USA v. Adrian Ontiveros-Cedillo


UNPUBLISHED OPINION FILED. [16-41682 Affirmed] Judge: CDK, Judge: JWE, Judge: SAH. Mandate pull date is 10/25/2017 for Appellant Adrian Efrain Ontiveros-Cedillo [16-41682]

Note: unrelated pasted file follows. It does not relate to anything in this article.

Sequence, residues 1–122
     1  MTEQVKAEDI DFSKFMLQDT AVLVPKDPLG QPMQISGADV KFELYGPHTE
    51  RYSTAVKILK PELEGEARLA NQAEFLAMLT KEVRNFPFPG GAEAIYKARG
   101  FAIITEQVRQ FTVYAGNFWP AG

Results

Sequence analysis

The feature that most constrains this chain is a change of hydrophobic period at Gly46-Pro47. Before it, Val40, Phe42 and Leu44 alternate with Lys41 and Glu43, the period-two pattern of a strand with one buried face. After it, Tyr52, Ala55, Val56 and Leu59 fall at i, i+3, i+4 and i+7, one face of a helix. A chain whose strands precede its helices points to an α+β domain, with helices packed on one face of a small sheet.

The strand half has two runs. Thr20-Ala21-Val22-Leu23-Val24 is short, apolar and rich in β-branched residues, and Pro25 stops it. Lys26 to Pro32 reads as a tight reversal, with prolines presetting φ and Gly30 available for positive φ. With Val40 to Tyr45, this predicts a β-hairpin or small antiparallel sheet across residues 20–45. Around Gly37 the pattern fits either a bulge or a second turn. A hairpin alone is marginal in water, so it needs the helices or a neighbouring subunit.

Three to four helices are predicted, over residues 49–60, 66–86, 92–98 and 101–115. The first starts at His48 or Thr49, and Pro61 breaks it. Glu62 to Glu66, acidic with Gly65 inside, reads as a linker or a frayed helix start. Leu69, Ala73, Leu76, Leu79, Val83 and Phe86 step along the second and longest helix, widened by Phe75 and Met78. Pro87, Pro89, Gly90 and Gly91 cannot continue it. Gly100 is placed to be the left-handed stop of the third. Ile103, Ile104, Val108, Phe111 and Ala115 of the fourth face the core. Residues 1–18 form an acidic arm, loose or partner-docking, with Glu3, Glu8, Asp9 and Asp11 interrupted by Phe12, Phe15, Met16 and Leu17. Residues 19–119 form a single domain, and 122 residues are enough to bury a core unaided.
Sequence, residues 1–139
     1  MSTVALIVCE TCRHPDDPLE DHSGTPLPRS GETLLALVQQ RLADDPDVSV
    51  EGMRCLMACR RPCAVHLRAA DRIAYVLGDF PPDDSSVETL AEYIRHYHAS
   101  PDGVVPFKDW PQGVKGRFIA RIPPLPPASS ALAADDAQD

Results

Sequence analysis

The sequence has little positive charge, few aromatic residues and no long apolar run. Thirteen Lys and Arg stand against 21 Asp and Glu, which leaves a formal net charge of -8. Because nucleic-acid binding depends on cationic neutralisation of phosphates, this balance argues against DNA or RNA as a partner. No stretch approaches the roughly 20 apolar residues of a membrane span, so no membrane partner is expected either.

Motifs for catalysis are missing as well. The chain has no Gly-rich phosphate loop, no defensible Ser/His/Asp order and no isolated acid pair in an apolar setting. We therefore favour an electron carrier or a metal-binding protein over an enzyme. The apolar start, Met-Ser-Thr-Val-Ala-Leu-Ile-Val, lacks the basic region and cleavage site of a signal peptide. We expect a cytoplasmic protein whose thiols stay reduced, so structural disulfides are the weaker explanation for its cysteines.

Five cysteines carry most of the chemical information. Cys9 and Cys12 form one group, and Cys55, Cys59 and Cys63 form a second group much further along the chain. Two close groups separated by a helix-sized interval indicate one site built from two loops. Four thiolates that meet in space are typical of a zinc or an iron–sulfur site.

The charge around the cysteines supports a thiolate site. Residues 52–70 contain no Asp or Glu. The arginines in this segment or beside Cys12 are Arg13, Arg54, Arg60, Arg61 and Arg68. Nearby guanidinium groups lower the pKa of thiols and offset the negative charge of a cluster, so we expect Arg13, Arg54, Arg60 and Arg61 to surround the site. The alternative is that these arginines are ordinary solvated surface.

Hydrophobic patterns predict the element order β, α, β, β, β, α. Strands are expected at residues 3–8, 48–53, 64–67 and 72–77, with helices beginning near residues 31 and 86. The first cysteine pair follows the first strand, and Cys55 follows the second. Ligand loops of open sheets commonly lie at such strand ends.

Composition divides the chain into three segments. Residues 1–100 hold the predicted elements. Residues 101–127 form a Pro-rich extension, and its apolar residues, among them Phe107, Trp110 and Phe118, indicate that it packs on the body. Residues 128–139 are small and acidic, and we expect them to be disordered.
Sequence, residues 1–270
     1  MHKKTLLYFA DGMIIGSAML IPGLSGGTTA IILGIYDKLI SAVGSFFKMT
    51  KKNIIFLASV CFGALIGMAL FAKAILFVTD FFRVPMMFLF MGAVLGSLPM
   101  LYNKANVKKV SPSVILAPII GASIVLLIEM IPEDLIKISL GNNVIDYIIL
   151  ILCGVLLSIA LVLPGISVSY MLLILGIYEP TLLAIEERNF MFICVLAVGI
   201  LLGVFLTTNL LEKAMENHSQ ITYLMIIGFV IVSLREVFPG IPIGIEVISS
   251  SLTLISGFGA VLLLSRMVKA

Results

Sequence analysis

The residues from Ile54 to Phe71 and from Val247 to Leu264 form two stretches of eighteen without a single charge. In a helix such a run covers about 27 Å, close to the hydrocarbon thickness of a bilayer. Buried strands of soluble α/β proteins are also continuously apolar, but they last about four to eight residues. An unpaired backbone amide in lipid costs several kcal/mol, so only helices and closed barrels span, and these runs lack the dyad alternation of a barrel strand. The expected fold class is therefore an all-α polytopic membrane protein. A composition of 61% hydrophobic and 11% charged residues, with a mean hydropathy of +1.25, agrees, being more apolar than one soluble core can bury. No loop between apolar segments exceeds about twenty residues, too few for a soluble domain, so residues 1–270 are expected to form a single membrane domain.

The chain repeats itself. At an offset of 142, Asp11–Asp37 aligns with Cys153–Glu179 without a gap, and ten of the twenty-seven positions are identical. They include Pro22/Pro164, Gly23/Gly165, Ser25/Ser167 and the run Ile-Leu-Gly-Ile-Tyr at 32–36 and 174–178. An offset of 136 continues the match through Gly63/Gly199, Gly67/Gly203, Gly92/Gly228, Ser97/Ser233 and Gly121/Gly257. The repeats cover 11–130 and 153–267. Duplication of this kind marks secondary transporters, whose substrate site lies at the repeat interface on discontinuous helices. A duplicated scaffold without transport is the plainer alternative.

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Case: 16-41682 Document: 00514182561 Page: 1 Date Filed: 10/04/2017 IN THE UNITED STATES COURT OF APPEALS FOR THE FIFTH CIRCUIT No. 16-41682 Summary Calendar United States Court of Appeals Fifth Circuit FILED October 4, 2017 Lyle W. Cayce Clerk UNITED STATES OF AMERICA, Plaintiff-Appellee v. ADRIAN EFRAIN ONTIVEROS-CEDILLO, Defendant-Appellant Appeal from the United States District Court for the Southern District of Texas USDC No. 7:16-CR-1288-1 Before KING, ELROD, and HIGGINSON, Circuit Judges. PER CURIAM: * Adrian Efrain Ontiveros-Cedillo appeals his 24-month sentence imposed following his guilty plea conviction for being found unlawfully present in the United States following deportation. He argues that 18 U.S.C. § 16(b) is unconstitutionally vague and, therefore, his prior Texas felony conviction for family-violence assault should not have been categorized as a crime of violence making it an aggravated felony under U.S.S.G. § 2L1.2(b)(1)(C) (2015). Pursuant to 5TH CIR. R. 47.5, the court has determined that this opinion should not be published and is not precedent except under the limited circumstances set forth in 5TH CIR. R. 47.5.4. * Case: 16-41682 Document: 00514182561 Page: 2 Date Filed: 10/04/2017 No. 16-41682 Ontiveros-Cedillo concedes that this argument is currently foreclosed by United States v. Gonzalez-Longoria, 831 F.3d 670 (5th Cir. 2016) (en banc), petition for cert. filed, No. 16-6259 (U.S. Sept 29, 2016). He preserves this issue for further possible review. We decline Ontiveros-Cedillo’s suggestion that we stay this matter pending a decision in Lynch v. Dimaya, 137 S. Ct. 31 (2016). See United States v. Lipscomb, 299 F.3d 303, 313 & n.34 (5th Cir. 2002). Alternatively, Ontiveros-Cedillo contends that the district court plainly erred by characterizing his prior family-violence assault offense as a crime of violence because the offense, by its nature, does not involve a substantial risk that violent physical force may be used in committing the offense. He contends that, under the categorical approach, the Texas offense of family violence assault is plainly not “by its nature” a § 16(b) crime of violence. Given our conclusion in Gonzalez-Longoria, 831 F.3d at 678, that this same offense is of the type that always entails a substantial risk that physical force will be used, any error cannot be clear or obvious. See Puckett v. United States, 556 U.S. 129, 135 (2009). Although we reached that conclusion in the context of assessing whether § 16(b) was vague as applied, it was necessary to determining the vagueness issue. See United States v. Segura, 747 F.3d 323, 328 (5th Cir. 2014). AFFIRMED. 2

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